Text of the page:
Scanners | Violence is Golden (Dim Mak)

Chalk this release up under "pleasant surprises": an album of high-wire drama kept balanced by sound pop dynamics and glossed over with a new-wave sheen.


First of all, allow me to be frank. I don't own a Pretenders album. And while some rabid followers of Chrissie Hynde and Co. are probably already calling for the revocation of my pretentious music critic license, perhaps my ignorance shall serve me well in this particular review. For whatever reason, the music press seems to have saddled Scanners with the label of "Pretenders pretenders" or perhaps "the Pretenders on acid!" Graciously, I'm freed from the burden of going through the typical RIYL motions with this group, parsing every wail of singer/bassist Sarah Daly in search of Hyndesque tones, and so on.

Really, my greatest concern on first blush was that ridiculous cover art and the punny title that adorned it. The grayscale presentation, the melodramatic bloody tears-surely I was in for an exercise in goth-by-numbers. But as they always taught us in grade school, "don't judge a band by its corporate packaging," or something like that. Chalk this release up under "pleasant surprises": an album of high-wire drama kept balanced by sound pop dynamics and glossed over with a new-wave sheen.

Album opener and tone-setter "Joy" gives us 30 seconds of build, a suspenseful mix of ambiguous vocal samples and brooding synth. When the band kicks in to break the tension, the song reveals its true identity as a fairly straightforward loud-soft rocker, with dance flourishes here and there. Daly's lyrics draw the most attention on this number, featuring lines such as "my love leaves a permanent stain" and other remarks on the pitfalls of sexual escapades in the digital age.

Regardless of whomever her vocal chords take their cues from, Daly is clearly the cornerstone of every arrangement found here. Like a tenured theater diva, she's demanded to play a variety of moods for expectant listeners: tough, wounded, sensual, menacing, and-everyone's favorite-on the verge of mental collapse. By and large, she delivers, placing herself in the upper strata of female rock leads. Comparisons to legends past and present, however, still have a while to wait.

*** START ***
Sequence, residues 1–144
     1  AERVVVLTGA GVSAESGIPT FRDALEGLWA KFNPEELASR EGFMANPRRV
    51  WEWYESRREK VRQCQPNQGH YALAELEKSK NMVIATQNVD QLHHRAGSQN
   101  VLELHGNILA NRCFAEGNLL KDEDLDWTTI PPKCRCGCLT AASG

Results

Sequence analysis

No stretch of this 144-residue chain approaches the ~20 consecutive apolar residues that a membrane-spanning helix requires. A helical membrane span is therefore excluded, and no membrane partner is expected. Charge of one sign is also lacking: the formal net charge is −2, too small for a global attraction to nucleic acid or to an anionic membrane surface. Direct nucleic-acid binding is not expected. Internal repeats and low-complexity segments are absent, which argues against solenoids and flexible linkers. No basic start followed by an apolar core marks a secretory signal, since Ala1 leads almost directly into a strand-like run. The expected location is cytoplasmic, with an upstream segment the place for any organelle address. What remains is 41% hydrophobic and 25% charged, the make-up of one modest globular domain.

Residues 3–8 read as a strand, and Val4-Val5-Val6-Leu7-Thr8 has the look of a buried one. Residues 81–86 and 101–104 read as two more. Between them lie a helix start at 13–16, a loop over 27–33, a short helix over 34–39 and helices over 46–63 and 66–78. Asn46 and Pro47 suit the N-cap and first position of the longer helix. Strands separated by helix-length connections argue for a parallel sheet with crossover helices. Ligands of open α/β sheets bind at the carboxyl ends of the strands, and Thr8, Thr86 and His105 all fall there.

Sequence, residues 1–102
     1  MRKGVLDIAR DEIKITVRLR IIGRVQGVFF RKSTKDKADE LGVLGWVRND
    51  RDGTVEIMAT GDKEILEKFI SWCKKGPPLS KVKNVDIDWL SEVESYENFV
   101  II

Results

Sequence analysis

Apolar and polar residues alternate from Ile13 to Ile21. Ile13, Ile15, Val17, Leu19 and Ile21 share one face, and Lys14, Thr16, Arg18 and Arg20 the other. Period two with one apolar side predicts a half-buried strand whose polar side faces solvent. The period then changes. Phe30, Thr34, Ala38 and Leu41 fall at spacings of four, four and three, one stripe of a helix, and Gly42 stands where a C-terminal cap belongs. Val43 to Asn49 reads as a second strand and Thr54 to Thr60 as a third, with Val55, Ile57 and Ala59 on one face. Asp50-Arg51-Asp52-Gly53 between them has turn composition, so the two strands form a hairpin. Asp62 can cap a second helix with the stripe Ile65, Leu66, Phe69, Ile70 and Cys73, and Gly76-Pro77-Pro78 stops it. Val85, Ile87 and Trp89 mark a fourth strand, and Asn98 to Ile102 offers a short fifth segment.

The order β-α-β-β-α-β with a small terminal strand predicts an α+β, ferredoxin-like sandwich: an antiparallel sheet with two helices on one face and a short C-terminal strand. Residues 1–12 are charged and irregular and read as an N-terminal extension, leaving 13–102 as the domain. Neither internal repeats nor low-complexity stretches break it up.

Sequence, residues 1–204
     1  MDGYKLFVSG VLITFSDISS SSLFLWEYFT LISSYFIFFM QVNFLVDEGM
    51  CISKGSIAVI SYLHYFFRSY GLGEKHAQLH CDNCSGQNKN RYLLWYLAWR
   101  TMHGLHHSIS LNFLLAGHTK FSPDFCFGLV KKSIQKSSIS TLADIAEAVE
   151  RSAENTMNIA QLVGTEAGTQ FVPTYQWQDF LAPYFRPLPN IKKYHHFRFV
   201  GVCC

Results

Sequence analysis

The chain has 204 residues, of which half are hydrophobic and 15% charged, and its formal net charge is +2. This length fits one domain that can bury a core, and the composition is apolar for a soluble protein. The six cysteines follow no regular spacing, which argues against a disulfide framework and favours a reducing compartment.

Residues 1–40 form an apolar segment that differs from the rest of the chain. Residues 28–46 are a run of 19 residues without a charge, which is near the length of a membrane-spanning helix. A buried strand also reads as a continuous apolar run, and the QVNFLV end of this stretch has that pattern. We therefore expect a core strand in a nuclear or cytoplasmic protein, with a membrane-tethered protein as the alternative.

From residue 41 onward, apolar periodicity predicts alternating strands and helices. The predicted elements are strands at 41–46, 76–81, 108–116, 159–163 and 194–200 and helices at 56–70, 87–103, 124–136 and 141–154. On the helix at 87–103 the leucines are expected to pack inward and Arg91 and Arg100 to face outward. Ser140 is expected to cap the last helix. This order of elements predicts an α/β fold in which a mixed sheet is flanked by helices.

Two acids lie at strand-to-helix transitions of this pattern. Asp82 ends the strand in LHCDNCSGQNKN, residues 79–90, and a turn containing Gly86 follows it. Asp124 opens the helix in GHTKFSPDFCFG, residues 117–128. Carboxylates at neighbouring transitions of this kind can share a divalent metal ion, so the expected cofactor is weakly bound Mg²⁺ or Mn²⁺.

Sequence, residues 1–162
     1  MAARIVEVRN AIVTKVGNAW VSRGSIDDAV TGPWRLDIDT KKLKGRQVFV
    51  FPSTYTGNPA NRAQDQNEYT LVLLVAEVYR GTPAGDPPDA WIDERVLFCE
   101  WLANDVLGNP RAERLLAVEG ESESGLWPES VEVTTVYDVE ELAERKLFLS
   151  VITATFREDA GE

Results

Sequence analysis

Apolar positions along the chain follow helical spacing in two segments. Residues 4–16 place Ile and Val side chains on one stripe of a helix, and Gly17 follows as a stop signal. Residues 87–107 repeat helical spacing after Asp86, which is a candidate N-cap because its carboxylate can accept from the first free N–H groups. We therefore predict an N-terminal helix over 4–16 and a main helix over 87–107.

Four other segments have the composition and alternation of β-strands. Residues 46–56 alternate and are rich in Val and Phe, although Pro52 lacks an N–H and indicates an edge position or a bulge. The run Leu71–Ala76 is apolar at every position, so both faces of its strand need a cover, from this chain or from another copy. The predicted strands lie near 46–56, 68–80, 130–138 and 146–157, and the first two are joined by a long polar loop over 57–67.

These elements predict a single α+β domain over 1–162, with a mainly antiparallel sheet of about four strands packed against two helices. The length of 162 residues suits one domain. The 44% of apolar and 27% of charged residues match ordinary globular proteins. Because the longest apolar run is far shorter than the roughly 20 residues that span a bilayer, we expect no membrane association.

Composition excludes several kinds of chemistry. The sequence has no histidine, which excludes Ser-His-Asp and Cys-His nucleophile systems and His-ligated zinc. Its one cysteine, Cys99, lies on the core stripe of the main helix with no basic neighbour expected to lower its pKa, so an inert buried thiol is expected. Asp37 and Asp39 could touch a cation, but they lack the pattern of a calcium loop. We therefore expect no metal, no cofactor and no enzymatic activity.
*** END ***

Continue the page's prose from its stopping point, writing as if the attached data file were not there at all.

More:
"Lowlife" gives Daly the most to work with, especially once those irrepressible strings kick in, boosting the sonic spectacle levels about two or three notches. By the time the song's refrain of "this is a low" goes into a call-and-response chant, one can practically envision Daly and her bandmates playing a packed concert hall, dressed all in black. So yes, rather impressive, I'd say.

Of course, an arresting vocalist can often distract attention from ho-hum instrumental arrangements (witness the Cee-Lo effect on Gnarles Barkley's lesser tunes). The rest of Scanners-and Lord knows they're probably already sick of Daly's overshadowing publicity-hold up their end of the bargain, but rarely demand close listening. Still, they also show a solid versatility, and nowhere is this strength more evident than in the whiplash-inducing transition between the creepy lurch of "High Flier" and the wistful, Gap ad-ready chimes of "Look What You Started."

So the band avoids sounding one-note, and there are no absolute Hindenburgs to be found in the track list, both of which are encouraging signs for a debut album. Expect a honed attack and even more nuanced vocals next time around. For now, try to machete past the press's name-dropping and the garish cover and see how the actual songs hold up.

RIYL: Tuneful female singers tackling rock songs

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